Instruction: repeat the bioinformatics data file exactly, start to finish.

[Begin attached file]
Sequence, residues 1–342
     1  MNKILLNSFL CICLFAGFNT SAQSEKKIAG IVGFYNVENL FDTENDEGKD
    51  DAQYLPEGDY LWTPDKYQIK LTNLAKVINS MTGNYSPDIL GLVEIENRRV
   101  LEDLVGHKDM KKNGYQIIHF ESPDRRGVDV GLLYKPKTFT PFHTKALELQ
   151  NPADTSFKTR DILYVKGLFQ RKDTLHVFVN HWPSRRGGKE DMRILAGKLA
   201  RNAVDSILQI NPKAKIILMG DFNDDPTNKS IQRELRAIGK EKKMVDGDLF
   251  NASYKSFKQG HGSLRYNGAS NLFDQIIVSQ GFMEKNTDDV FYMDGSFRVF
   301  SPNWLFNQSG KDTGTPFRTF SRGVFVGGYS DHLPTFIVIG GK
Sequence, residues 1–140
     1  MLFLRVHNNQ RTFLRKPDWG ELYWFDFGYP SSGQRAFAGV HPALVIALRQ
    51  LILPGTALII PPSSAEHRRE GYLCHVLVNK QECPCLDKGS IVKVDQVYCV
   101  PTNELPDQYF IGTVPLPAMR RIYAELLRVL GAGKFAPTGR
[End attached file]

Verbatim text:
Sequence, residues 1–342
     1  MNKILLNSFL CICLFAGFNT SAQSEKKIAG IVGFYNVENL FDTENDEGKD
    51  DAQYLPEGDY LWTPDKYQIK LTNLAKVINS MTGNYSPDIL GLVEIENRRV
   101  LEDLVGHKDM KKNGYQIIHF ESPDRRGVDV GLLYKPKTFT PFHTKALELQ
   151  NPADTSFKTR DILYVKGLFQ RKDTLHVFVN HWPSRRGGKE DMRILAGKLA
   201  RNAVDSILQI NPKAKIILMG DFNDDPTNKS IQRELRAIGK EKKMVDGDLF
   251  NASYKSFKQG HGSLRYNGAS NLFDQIIVSQ GFMEKNTDDV FYMDGSFRVF
   301  SPNWLFNQSG KDTGTPFRTF SRGVFVGGYS DHLPTFIVIG GK
Sequence, residues 1–140
     1  MLFLRVHNNQ RTFLRKPDWG ELYWFDFGYP SSGQRAFAGV HPALVIALRQ
    51  LILPGTALII PPSSAEHRRE GYLCHVLVNK QECPCLDKGS IVKVDQVYCV
   101  PTNELPDQYF IGTVPLPAMR RIYAELLRVL GAGKFAPTGR